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History of London

London has a history that goes back more than 2,000 years. During this time, it has experienced plague, devastating fire, civil war, overwhelming aerial bombardment, and terrorist attacks, yet, it has still grown from a collection of riverside fishing villages to become one of the mercantile capitals of the western world.

In medieval mythology, London predated the Roman occupation of Britain as the town of Lud, but while there was prehistoric settlement along the Thames in the London basin, it was not until the Roman invasion in 43 AD that a permanent settlement was created. The occupying Romans quickly saw the military significance of its geographical location and established it as their headquarters, naming it Londinium.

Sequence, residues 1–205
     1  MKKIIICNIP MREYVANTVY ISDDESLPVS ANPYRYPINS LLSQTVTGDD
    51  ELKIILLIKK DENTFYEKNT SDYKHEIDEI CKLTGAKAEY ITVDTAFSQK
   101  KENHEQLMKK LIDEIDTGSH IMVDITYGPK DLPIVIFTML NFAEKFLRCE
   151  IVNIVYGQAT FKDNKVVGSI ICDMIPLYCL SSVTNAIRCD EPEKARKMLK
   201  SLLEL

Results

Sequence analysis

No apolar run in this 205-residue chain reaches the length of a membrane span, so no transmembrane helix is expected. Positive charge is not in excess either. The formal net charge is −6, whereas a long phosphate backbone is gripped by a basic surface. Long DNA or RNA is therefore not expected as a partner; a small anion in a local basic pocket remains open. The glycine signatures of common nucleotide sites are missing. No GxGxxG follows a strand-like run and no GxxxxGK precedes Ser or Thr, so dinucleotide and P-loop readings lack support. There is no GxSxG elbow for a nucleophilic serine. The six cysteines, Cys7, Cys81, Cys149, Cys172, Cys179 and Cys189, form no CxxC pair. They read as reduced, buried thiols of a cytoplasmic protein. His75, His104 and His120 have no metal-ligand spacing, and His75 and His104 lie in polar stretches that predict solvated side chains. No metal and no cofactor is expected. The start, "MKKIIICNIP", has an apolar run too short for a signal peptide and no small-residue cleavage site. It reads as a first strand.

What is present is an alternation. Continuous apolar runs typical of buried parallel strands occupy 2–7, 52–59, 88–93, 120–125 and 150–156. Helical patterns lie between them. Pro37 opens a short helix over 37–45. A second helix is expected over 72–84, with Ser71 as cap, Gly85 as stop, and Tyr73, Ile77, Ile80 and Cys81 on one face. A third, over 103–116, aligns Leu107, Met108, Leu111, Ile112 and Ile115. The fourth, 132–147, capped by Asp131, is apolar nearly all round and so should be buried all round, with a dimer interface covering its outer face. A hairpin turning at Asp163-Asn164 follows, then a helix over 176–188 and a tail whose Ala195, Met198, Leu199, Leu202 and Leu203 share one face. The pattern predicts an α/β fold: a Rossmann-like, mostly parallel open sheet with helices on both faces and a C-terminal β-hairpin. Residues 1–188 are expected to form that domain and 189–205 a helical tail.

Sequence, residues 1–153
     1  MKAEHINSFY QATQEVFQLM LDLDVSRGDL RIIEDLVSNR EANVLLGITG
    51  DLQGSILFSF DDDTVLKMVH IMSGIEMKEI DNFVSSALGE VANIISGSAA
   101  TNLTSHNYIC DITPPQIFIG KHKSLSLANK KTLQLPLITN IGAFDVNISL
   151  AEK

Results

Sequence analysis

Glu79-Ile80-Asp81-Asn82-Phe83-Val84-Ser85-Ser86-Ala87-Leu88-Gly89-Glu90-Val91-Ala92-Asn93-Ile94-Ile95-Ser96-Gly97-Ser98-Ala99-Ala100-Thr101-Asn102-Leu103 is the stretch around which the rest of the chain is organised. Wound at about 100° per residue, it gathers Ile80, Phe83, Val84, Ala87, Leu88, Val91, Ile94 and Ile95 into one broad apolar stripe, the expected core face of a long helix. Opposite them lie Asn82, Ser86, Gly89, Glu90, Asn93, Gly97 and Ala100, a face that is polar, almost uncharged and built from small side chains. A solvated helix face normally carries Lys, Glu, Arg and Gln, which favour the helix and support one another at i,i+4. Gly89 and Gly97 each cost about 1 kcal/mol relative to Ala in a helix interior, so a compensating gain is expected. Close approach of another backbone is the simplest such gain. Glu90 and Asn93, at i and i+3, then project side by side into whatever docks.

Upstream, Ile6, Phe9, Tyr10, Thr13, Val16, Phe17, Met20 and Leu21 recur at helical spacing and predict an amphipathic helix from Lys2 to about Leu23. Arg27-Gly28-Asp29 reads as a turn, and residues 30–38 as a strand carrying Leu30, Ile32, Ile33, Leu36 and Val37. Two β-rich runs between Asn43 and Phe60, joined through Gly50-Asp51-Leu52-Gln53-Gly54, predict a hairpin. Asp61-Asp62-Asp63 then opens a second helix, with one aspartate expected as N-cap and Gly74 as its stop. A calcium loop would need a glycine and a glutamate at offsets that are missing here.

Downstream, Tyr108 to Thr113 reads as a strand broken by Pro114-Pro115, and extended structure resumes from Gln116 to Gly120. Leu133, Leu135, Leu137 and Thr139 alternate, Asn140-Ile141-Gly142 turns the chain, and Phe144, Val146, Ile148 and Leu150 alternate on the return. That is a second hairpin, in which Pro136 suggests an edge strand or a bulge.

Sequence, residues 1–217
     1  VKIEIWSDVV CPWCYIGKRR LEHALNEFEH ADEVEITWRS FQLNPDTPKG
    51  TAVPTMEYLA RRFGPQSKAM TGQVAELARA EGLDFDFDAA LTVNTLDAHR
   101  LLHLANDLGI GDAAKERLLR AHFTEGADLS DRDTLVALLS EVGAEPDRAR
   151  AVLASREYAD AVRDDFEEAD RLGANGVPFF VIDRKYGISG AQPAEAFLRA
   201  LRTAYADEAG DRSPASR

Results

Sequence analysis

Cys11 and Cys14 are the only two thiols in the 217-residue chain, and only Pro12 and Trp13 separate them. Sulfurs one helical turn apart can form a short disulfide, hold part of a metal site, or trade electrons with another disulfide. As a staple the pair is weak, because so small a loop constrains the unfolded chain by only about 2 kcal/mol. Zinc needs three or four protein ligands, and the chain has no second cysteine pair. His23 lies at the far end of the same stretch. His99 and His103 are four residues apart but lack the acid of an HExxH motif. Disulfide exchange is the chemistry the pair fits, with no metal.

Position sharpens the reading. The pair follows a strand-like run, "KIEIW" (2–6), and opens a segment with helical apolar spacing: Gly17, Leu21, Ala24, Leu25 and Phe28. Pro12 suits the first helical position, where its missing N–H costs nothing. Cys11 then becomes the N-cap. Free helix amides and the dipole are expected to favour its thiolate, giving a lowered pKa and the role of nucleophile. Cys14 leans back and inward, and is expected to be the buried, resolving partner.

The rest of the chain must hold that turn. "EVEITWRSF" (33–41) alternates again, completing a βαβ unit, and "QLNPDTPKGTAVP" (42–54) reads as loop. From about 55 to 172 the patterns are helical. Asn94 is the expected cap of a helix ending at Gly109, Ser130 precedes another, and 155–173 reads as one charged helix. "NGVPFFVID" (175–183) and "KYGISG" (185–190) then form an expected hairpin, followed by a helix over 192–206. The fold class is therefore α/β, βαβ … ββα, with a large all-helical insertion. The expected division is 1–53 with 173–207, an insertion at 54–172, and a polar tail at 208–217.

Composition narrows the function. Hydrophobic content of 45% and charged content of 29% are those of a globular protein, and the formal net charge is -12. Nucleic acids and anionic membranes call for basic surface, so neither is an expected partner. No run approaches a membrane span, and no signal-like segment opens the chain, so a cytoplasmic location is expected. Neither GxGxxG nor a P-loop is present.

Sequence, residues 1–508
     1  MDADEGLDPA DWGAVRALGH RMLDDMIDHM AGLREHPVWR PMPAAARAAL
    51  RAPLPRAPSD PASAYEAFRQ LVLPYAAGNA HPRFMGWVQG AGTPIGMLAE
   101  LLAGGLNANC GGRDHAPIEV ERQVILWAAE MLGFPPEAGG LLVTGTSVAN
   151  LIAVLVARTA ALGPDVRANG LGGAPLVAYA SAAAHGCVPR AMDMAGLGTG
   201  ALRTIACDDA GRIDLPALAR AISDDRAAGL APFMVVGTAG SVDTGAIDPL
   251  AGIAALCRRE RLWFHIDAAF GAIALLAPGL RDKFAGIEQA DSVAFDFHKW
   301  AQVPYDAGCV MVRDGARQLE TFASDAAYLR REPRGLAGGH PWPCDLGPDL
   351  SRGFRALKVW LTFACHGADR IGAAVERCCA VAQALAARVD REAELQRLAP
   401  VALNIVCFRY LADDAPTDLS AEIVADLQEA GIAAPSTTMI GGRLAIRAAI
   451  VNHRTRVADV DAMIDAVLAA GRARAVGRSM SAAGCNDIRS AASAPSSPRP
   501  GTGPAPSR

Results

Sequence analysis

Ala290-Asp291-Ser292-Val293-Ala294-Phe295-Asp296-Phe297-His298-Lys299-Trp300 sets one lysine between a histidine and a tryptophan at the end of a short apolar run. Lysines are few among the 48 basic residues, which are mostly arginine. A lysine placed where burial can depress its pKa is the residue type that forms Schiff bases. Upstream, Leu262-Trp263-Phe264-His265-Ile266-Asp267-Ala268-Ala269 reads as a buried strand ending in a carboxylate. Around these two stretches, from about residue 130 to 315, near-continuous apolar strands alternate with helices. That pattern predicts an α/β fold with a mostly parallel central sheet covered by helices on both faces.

Twenty years later, the Celtic[?] queen Boudicca, leading the Iceni[?], sacked (plundered) Londinium (c. 60 AD).

In 1666, the Great Fire of London destroyed much of the city. Most of the rebuilding (including St. Paul's Cathedral) was done by Sir Christopher Wren.

During World War II, London, as many other British cities, suffered severe damage, being bombed extensively by the Luftwaffe as a part of the Blitz.

Places of note in London:

  • Tower of London
  • Houses of Parliament
  • Buckingham Palace
  • St. Paul's Cathedral
  • Westminster Abbey



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